6 January 2014
Trailer. From here.
This is a worthy, earnest film attempting to depict the unimaginable: life as merchandise, where that idea is taken literally. If the challenge is in the end too great, this is still an important film.
John Ridley's screenplay adapts the memoirs of a man kidnapped into slavery in 1841, which hopefully explains why many of the incidents in the film seem plausible.
The film makes us aware, as only a conventional biopic such as this can, of something of the actual experience of slavery, of what it might have felt like, at least in an external sense. The visceral, illusory quality of cinema is good for this.
But the approach leaves problems both aesthetic and historical. The historical shortcomings are perhaps easier to explain, and probably less serious. The filmakers are required to focus on an exceptional situation in order to connect to the experience of the audience. But this inevitably means a dilution of the full horror of slave life.
Given the nastiness of what we are shown, it's amazing to think that slave life was actually much worse, but the sense that this was a large community, oppressed and dehumanised within a vast economy, and principally for matters of economy... this can be captured only fleetingly by focussing on one individual, or even a few individuals.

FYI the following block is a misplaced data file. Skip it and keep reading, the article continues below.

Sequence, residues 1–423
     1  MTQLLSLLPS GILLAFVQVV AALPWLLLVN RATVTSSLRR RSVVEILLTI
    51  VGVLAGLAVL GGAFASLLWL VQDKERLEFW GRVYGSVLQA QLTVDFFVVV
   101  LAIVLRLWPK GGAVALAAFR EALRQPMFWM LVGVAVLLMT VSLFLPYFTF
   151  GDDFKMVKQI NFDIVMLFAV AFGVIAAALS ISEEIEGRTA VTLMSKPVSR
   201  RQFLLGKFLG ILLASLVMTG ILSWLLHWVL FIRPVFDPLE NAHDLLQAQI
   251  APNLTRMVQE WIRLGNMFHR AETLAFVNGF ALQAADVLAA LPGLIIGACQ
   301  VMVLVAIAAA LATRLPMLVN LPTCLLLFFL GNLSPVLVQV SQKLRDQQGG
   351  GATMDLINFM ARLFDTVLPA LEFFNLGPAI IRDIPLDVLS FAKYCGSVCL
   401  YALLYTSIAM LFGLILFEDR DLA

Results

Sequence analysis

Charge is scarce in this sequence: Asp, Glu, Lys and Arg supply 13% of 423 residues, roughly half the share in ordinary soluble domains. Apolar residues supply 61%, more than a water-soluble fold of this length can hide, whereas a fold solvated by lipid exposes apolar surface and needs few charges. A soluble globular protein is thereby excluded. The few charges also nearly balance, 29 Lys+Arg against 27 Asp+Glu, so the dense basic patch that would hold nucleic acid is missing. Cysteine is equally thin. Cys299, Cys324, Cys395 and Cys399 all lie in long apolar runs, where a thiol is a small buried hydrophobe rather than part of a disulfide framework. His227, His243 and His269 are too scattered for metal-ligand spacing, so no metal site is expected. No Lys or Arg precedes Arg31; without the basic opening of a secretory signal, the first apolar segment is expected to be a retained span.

The slave Patsy is the strongest case. Her plight is terrible, one of the greatest depictions of injustice I have seen, yet we only sometimes distinguish her from the many other brutalised women we have seen depicted in films, on TV, in novels.
We wonder why she cannot commit the suicide she so strongly desires, and in a broader sense wonder why these slaves are so passive. This very inertia further provokes the sadism of the whites. The film is aware of the problem, and provides some crude explanations (fear of being lynched, etc), but the really deep structural supports for a slave economy cannot be brought into focus.
Aesthetically, given this unbearable backdrop, we can still empathise with our hero, and experience its tragedy through him. But here too the film fails. We know he will finally be freed, in this case through the actions of a kindly white man, handily signposted by being played by one of the most famous actors alive.
Director Steve McQueen tries to shore up this ruinously sentimental and happy ending with some devastating images of Patsy being left behind to suffer, and by some poignant written comments on what happens to Solomon after his freedom. This can't dispel an unwarranted sense of optimism or hope, irrespective of the historical fact that this slave society was almost finished.
The film's strength lies elsewhere, in trying to show how monstrously inhumane we are, or can be. I write 'we' meaning people, but it might be better used to describe Europeans, the only culture to have developed full-on slave societies. Though I suspect we are all 'European' now, at least in terms of our inhumanity.